29.8.06

Action Man

Time for a melancholy remembrance.

When I was growing up, I had some toys called Action Man, made by a company called Palitoy.

Action Man was fantastic. England's original action figure, and over the years a multitude of outfits were produced. My favourite was the SAS trooper, but I also had the Space Ranger Captain, a standard "soldier" figure, and, yes, no prejudice here, a WWII German army officer's uniform.

I even had young adult novels about Action Man.

Action Man changed over the years. His hands went from moulded plastic to rubber, so he could grip his stuff. He gained "eagle eyes", movable eyes operated by a lever on the back of his head, and he later gained the ability to speak, albeit via a pull-string operated device with around six or so phrases. He had different hair - all regulation military cut - and sometimes a beard, but always the same scar on his cheek.

Then came Action Force.

Action Force was simply a smaller scale Action Man. A lot of his outfits were represented, including that SAS trooper, which I then had in both scales. I had the Para, the Commando, the Frogman, the Ground Assault (although, one of my friends stole that one), the Mission Pilot, and the SAS Frogman. I also had the AF-3, a jeep with a roof that became a boat.

Later, Action Force was split into four forces. Q-Force, SAS force, Z-Force, and Space Force, and now we had an enemy force, the Red Shadows, led by the infamous Baron Ironblood.

And, it was fun. Their adventures were immortalised in a weekly comic called "Battle Action Force" (which was really an older comic - Battle - with a few Action Force stories thrown in).

Then, it all went to shit.

Action Force changed. Each figure had his own name. Multi-jointed figures who were previously available were repackaged and rebranded. The driver of the SAS jeep was renamed from "Stalker" to "Snake Eyes" and sold on his own. Quarrel, the rider of the Z-Force motorcycle was branded "Scarlett". Hunter was evicted from the Wolverine and replaced by some dude called "Ton-Up". Red Jackal was pulled from his Hyena and, against his will and through a lame storyline, forced to become Destro.

And Baron Ironblood went though the world's most ridiculous transformation to become "Cobra Commander".

Shortly thereafter, Action Force became G.I. Joe: The Action Force, and it wasn't long before they dropped the Action Force bit altogether.

And, like Opal Fruits and Marathon bars, Action Force were swallowed up and destroyed by American marketing gurus determined to rebrand the world in their image.

And just look at what they've done to Action Man!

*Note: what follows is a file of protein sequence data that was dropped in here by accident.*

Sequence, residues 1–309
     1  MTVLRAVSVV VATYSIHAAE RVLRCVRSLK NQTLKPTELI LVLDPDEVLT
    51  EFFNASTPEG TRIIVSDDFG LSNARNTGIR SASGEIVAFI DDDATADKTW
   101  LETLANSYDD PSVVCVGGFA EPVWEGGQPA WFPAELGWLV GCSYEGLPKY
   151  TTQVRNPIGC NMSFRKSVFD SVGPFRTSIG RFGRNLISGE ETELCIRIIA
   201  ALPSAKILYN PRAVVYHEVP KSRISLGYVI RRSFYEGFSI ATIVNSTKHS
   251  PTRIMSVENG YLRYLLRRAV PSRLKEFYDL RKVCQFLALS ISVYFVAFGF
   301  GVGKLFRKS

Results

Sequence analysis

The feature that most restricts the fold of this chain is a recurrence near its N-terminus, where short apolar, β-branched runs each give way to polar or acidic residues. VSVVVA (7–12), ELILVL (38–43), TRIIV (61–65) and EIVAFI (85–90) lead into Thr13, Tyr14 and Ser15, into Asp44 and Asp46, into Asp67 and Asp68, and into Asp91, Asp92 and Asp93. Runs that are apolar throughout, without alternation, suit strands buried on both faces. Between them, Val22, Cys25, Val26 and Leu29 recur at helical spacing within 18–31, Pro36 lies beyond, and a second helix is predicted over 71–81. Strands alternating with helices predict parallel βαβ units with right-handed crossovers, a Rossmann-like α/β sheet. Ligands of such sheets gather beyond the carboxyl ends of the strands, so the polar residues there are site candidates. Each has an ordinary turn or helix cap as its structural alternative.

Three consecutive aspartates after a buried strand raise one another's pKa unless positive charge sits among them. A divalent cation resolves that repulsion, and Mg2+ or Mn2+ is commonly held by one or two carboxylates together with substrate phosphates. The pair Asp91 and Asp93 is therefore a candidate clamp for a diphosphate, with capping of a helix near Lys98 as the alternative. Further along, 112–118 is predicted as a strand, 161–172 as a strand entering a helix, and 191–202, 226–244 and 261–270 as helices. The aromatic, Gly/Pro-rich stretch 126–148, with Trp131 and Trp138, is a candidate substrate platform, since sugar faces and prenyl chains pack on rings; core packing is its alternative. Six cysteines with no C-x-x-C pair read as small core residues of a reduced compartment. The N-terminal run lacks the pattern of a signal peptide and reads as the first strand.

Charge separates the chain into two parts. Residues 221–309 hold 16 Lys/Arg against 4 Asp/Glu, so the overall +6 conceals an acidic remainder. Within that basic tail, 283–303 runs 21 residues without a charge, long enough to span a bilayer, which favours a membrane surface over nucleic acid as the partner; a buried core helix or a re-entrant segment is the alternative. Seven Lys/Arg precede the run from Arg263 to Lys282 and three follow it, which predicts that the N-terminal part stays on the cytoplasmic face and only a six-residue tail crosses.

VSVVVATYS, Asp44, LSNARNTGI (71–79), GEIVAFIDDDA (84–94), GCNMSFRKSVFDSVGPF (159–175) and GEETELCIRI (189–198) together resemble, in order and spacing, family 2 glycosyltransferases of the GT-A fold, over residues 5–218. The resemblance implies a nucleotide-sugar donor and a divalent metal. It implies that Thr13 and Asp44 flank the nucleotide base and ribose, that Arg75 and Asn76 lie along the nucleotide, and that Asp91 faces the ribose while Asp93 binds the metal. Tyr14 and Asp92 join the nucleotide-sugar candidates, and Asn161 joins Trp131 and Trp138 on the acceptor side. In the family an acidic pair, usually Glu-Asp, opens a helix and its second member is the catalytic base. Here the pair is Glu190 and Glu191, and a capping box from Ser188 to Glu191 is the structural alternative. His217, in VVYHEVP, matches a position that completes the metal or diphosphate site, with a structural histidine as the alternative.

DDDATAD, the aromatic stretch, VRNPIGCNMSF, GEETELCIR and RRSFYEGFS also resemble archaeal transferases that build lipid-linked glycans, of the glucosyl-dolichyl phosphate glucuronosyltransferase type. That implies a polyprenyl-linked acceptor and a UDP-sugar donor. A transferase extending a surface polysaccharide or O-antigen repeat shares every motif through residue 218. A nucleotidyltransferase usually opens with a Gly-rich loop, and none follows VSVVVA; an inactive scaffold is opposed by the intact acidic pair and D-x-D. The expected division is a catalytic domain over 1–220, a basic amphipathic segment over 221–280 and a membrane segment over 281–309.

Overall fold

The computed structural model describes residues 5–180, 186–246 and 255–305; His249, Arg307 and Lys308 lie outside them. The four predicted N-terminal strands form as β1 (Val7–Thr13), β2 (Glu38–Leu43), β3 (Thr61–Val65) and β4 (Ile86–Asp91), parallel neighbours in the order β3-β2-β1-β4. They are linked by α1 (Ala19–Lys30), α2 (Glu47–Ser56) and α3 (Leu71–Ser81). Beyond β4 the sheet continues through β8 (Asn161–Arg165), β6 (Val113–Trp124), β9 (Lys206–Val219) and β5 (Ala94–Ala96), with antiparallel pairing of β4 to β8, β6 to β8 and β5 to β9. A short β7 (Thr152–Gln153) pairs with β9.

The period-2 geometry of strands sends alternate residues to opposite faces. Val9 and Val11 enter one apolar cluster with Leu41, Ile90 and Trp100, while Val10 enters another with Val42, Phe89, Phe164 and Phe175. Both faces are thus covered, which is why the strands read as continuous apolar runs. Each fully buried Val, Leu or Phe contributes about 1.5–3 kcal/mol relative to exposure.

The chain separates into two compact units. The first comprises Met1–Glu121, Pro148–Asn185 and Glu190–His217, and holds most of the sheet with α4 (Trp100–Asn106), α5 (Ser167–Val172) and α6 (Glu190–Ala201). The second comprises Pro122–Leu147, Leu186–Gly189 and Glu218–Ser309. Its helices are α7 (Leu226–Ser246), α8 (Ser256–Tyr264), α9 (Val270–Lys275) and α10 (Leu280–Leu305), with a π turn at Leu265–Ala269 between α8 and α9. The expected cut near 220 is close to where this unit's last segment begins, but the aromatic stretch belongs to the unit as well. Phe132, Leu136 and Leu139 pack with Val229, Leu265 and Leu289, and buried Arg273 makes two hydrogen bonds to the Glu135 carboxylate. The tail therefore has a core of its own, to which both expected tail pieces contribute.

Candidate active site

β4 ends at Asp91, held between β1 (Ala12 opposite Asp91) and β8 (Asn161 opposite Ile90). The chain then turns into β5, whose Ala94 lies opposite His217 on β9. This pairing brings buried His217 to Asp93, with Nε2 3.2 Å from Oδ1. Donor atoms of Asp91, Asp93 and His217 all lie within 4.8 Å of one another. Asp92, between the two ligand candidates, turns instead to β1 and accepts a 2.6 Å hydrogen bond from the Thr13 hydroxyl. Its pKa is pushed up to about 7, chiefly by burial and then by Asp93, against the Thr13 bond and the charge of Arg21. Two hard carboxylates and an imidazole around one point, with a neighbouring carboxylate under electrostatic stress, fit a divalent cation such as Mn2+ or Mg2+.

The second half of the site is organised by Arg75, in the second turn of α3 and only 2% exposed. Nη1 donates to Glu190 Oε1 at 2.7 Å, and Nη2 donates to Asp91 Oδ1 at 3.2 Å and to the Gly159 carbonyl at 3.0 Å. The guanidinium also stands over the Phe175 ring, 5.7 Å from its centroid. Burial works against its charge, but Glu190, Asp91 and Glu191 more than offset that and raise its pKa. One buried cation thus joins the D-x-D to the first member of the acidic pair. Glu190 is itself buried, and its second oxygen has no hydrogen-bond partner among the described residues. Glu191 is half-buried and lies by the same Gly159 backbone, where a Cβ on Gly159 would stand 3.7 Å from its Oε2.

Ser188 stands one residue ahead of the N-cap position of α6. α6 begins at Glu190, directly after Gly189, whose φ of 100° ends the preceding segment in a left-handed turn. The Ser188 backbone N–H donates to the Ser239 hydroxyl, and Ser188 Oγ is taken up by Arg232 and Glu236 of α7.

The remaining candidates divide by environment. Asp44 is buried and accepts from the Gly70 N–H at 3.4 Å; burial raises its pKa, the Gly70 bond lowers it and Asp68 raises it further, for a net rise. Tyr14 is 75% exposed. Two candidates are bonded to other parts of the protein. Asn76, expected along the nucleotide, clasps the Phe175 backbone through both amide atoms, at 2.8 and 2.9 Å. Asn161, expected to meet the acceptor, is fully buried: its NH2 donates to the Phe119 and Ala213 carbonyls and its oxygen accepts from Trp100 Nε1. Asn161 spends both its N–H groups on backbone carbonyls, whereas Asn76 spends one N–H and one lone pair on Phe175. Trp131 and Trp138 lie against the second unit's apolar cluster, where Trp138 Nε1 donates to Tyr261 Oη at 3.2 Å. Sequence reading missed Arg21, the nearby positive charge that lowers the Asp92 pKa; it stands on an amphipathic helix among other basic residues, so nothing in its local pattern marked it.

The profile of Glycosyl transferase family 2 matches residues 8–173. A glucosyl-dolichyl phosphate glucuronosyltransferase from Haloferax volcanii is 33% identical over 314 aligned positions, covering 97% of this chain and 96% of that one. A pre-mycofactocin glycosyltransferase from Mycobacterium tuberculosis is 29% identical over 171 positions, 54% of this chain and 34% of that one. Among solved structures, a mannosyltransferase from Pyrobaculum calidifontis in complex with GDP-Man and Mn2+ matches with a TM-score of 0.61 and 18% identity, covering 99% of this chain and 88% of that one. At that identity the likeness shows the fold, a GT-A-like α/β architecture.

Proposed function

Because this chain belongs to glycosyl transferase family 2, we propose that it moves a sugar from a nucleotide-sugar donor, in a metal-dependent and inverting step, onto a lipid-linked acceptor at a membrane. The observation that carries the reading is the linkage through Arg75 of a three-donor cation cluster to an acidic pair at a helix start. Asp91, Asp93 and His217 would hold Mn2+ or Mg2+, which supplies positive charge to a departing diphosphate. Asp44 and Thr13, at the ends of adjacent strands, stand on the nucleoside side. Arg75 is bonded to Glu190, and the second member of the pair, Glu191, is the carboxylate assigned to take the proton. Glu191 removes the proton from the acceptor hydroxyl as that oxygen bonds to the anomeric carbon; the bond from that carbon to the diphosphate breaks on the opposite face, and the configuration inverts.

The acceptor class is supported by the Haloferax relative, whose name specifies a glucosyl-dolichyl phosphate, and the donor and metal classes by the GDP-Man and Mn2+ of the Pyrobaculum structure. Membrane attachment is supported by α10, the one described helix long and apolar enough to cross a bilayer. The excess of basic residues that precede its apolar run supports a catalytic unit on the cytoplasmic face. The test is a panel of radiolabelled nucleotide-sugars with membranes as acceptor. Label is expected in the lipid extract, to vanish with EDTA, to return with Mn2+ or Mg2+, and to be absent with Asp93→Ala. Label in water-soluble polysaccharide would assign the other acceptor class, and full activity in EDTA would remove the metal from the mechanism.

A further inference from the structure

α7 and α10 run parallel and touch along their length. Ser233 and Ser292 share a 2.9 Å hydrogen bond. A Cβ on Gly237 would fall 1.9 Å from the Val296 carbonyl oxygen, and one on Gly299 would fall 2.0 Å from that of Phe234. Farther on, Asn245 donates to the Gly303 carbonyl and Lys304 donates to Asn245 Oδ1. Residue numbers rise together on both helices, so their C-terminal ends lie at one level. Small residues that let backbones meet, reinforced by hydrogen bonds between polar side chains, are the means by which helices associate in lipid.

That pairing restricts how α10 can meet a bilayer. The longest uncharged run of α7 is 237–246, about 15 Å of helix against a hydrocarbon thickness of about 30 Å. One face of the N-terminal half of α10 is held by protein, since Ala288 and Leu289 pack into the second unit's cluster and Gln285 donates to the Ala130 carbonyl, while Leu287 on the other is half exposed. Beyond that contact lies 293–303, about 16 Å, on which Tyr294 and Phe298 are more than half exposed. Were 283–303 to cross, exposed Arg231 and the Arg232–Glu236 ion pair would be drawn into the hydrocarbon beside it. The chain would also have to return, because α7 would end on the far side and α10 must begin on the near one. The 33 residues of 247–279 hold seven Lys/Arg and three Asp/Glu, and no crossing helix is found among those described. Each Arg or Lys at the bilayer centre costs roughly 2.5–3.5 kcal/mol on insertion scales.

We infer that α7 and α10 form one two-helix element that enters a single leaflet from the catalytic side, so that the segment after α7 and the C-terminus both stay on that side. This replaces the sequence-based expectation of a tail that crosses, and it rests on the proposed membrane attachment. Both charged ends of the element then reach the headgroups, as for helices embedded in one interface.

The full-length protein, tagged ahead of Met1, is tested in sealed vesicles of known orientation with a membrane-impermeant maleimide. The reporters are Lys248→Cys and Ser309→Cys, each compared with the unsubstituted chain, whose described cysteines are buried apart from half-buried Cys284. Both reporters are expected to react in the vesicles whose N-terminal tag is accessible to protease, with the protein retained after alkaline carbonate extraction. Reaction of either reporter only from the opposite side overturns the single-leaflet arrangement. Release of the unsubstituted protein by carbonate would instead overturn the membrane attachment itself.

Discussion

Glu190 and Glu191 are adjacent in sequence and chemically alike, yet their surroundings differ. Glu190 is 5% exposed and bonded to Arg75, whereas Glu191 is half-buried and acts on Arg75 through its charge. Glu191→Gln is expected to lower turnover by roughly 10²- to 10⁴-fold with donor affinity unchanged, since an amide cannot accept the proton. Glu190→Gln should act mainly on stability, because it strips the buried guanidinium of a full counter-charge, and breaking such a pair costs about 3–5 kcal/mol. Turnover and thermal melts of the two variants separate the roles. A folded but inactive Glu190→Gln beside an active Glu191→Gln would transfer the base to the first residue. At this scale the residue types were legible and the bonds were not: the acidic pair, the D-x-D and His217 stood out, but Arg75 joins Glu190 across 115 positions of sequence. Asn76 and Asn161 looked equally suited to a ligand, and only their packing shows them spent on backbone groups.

Still, it's good to see some out there are keeping the faith.

Long live Action Man, and his little brothers, the Action Force. The kids today may not know your glory, but you helped me through my childhood and I'll never forget you.

3 comments:

terri said...

Wow! I had no idea that GI Joe had such an illustrious history!

Amazing how "market improvement and repackaging" of toys kills the fun.

;)t

Matt said...

My friend, Action Force ruled my life after Star Wars. The Z-Force and SAS days were the best before Cobra took over. Battle Action Force was an awesome comic too.
If only the UK Action Force toys were as well moddled and articulated as the US counterparts. The More poseable figures that came with the vehicles like Steeler, Quarrel, Hunter, Stalker, Jammer, Gaucho (my personal faves), Red Laser and Red Jackal were all brought into the UK range from GI Joe in the US, and re-painted as different characters. Red-Laser = Cobra Commander, Hunter = Cobra Officer etc. Shame really. I just wish Hasbro in the States would re-make Z-Force and SAS et al, and produce all the classic vehicles and characters as part of sub groups of GI Joe, called simply "Action Force". I'm speaking from a nostalgic collector viewpoint here of course. Not that I've bought any of th old stuff, or even all of the new anniversary toys being released now, it'd be far too expensive! It's just a shame to see kids of today never getting to experience what we did in the 80s.

Long live Red Shadows and The Enemy! Long live Action Force!

Matt

Jim said...

I feel your pain, man. The Americanisation of Action Force was a bitter pill for any 10 year old to swallow.

I run the Action Force site now, do please pop along to the forum and talk some bollocks.

Did you see the cameo by the Black Major in the new GI Joe comic?